"Our department is one of the most important departments in the university, but due to lack of good governance the library is not as well-stocked as it should be. How can we, the aspiring journalists, learn the ways of the world with this type of library?"

Azham Ali, a final year student at the Department of Political Science, said that the seminar library of his department was chaotic, mismanaged and had an inadequate number of books. "We are a large department where more than 500 students are enrolled, but the library is in a shambles. There are, I am sure, not more than 600-800 books and many of these are irrelevant and useless to us. Some books that are related to our course work are borrowed by the teachers and they usually do not return these books for a long time. And, it is so difficult to sit in the library. The don and noise by the students, especially the girls, is unbearable. No one in the department bothers to control this," he ranted.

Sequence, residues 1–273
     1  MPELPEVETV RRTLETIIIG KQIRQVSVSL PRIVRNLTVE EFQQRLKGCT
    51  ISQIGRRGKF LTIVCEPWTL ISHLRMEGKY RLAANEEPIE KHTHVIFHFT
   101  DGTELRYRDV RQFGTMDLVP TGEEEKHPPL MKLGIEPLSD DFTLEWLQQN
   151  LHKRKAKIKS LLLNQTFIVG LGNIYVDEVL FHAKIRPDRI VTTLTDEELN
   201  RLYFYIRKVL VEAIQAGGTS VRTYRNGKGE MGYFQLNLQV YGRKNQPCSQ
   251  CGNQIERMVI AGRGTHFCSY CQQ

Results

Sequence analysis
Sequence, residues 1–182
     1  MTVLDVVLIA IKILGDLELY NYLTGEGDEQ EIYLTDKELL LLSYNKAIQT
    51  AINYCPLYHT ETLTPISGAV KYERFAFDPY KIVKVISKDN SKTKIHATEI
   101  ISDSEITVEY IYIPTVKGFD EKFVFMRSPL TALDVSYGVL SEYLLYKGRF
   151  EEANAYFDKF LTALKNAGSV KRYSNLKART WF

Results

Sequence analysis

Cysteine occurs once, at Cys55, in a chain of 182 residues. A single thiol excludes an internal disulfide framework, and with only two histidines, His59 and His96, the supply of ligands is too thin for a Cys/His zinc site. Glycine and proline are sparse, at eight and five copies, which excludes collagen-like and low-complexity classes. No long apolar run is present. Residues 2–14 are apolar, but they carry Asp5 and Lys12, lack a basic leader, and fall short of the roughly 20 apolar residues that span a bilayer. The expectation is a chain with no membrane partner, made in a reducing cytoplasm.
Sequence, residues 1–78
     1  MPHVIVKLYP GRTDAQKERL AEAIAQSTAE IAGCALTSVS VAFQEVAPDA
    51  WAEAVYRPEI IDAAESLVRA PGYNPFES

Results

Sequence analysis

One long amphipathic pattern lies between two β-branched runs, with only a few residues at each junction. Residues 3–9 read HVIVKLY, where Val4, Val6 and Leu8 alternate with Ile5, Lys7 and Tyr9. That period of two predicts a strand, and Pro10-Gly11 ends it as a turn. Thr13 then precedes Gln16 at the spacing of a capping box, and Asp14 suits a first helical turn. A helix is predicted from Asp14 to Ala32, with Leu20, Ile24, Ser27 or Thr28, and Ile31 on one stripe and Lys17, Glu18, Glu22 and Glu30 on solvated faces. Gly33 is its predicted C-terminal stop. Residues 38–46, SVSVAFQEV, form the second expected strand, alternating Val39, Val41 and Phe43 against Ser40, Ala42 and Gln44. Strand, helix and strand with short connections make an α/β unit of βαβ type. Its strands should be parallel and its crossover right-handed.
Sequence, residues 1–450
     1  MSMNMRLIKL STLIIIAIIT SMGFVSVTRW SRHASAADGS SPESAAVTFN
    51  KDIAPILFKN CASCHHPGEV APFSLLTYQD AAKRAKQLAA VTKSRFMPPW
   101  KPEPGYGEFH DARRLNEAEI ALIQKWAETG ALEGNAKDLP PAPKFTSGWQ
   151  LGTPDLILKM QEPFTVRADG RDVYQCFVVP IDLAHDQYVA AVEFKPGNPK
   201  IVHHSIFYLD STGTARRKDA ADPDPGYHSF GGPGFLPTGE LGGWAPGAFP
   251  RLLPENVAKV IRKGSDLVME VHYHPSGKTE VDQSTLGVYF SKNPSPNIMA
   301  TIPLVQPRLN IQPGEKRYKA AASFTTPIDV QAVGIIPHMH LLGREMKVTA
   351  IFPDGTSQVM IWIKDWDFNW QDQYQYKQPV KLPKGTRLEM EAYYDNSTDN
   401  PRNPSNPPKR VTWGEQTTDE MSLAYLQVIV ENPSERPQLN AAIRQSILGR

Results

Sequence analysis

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UVAS holds book fair
Lahore: The University of Veterinary and Animal Sciences (UVAS) on Wednesday organised its first annual Book Fair-2011 at the university conference hall.

According to a press release here, various book stalls were set up and book sellers displayed the variety of books on literature, science, IT, social science and livestock.

Research scholars, faculty member and a large number of students from various departments and people from all walks of life visited the first-ever UVAS book fair and purchased books of their interest.

UVAS Vice Chancellor Prof Dr Muhammad Nawaz inaugurated the book fair. He was accompanied by Faculty of Veterinary and Animal Sciences Dean Prof Dr Nasim Ahmad, Faculty of Bio-Science Dean Prof Dr Ijaz Ahmad and Registrar Prof Dr Kamran Asharaf, Prof Dr Muhammad Sarwar and Prof Dr Muhammad Ashraf.